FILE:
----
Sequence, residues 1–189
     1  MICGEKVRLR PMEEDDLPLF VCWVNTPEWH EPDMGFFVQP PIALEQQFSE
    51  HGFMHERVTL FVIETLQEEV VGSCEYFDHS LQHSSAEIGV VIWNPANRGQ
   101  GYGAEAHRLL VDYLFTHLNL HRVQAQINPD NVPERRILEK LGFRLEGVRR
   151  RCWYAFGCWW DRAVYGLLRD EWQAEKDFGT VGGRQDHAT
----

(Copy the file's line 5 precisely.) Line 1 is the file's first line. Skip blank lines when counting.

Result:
   151  RCWYAFGCWW DRAVYGLLRD EWQAEKDFGT VGGRQDHAT